Tuesday, November 26, 2013


'Eua is a large (or small, depends who you ask!) island near Tongatapu. Two of our favorite friends live on the island of 'Eua, and this last weekend we, along with two other volunteers, had the opportunity to visit them. 'Eua is known to be different from the other islands of Tonga- mainly for its cliffs, cooler weather, forest, and wild horses.

The flight to 'Eua is the shortest in the world (5 minutes, I think) but we took the less expensive route and ferried there. The ferry was a 3 hour ride, and though I drugged myself and slept like a baby...I found it quite enjoyable. :)

It was a great weekend hanging out with friends, catching up, enjoying the sights, and laughing at the crazy stuff that happens in Tonga.


Here are some pictures of our students practicing the sitting dance.


For the first time in my PC life....I've been busy. It's been a crazy few weeks here, but I'll try my best to catch you up.

Mark and I moved to the main island just in time to welcome and celebrate Peace Corps Tonga Group 78 at their official swearing - in ceremony. This group of 14 girls and 1 guy have been really fun to get to know. Their arrival has spurred on much reflection on our part, as well as for the rest of us in group 77. It is amazing to look back at how much we have all grown. I'm really proud of our entire group (we are all still here), and I'm really proud of myself.

With the swearing-in and eventual departure of the new volunteers to their new homes, there were many get togethers and goodbyes. I think in a mere two weeks here we had a busier social life than we had had in the last whole year on the island! It was really good, but I'll be honest, a little overwhelming.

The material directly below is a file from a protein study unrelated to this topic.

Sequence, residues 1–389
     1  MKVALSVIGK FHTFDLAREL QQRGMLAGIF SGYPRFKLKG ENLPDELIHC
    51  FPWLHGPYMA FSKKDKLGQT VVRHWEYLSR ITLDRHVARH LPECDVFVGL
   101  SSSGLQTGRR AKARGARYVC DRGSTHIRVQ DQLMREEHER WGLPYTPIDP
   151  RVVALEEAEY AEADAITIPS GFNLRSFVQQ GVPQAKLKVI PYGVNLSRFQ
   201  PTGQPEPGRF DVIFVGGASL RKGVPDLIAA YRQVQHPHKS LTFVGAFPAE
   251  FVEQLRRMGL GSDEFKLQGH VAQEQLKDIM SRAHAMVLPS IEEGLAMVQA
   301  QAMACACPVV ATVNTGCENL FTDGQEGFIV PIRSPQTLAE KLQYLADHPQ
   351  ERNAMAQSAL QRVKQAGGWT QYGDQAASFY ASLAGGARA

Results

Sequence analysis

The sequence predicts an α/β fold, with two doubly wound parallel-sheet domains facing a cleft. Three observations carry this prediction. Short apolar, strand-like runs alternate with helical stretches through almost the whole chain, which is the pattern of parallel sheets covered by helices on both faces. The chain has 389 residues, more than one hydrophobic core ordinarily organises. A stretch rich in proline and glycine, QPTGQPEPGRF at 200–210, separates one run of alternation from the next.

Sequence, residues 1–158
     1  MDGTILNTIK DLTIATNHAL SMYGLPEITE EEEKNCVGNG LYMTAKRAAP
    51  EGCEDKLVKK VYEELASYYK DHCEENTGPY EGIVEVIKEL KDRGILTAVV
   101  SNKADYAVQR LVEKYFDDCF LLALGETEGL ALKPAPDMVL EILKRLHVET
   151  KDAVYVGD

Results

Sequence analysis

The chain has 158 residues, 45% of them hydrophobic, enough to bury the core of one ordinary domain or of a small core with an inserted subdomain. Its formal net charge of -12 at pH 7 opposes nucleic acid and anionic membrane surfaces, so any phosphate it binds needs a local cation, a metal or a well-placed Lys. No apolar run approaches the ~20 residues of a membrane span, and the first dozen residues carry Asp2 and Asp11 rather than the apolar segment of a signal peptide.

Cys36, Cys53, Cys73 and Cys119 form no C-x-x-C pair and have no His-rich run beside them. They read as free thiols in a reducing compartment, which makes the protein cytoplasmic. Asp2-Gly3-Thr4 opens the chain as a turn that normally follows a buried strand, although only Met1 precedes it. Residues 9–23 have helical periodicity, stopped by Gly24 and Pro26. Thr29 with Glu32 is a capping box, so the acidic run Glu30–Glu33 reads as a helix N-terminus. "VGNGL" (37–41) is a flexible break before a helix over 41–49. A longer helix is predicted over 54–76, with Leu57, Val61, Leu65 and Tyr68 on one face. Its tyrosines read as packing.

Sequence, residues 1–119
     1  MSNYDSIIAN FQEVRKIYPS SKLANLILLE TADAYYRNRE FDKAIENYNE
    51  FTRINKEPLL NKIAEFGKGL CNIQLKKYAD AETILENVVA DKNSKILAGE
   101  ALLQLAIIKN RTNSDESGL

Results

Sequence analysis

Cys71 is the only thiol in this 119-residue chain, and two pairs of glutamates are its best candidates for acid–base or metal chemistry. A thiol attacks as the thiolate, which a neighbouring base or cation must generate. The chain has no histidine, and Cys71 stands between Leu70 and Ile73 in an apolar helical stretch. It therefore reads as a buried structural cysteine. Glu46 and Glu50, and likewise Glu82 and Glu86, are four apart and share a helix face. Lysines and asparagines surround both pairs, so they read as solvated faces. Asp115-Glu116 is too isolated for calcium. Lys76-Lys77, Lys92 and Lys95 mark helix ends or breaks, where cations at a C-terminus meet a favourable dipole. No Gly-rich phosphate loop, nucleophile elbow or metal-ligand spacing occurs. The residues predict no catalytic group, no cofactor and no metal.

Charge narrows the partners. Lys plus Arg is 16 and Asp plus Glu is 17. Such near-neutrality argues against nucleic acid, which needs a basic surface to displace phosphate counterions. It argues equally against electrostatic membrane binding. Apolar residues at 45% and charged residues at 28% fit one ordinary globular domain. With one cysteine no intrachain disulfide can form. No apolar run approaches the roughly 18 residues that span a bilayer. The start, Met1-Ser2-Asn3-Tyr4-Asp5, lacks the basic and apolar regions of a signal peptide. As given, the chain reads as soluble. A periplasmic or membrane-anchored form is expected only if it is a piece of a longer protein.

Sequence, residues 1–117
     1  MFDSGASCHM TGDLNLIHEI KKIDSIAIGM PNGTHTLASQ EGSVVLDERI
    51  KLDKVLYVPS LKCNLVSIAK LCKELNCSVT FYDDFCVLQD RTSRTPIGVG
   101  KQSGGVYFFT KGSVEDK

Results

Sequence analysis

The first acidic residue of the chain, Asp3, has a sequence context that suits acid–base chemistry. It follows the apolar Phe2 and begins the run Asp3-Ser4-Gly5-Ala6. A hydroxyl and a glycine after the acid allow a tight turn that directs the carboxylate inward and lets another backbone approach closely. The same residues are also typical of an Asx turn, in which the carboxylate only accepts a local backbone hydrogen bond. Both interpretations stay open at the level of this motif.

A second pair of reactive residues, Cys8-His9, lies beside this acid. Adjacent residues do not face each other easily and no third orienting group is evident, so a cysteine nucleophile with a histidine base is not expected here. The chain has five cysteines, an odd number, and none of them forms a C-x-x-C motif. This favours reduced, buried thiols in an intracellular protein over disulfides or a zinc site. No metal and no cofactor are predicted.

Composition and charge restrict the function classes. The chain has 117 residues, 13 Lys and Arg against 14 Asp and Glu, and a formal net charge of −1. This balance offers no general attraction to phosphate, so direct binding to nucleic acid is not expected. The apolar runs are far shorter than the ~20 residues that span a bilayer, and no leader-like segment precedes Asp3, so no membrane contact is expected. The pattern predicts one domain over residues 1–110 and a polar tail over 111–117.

We jumped in at full speed at our new school....which has also been quite the adjustment and, I'll admit, overwhelming. Most days we come home from school almost unable to speak. Our voices are not used to singing and talking all day- Especially over all these kids! It's been fun to teach Christmas songs, and to get to know the teachers at our new school. We are also learning a traditional Tongan dance with all of our students. I think it is incredibly cool, but we will let you all be the judge and hopefully post some videos soon. The big performance is this Friday.

A big part of our last month here has also been about rugby. I'm not much one to be into sports, but I really couldn't help myself! The World Cup Rugby League was (is?) happening and rugby is a really really really big deal in Tonga. The Tongan team- Mate ma'a Tonga (die for Tonga) played really well, but ultimately didn't make it into the quarter finals ( they were second). We got to spend a few mornings at school, crowded into a classroom with at least 200 other people, watching the games on the tiniest of televisions you could think of. Tongans are the BEST celebrators- most of the time my ears were ringing. I wish I had recorded the shouts and dances and cheers...just really amazingly fun.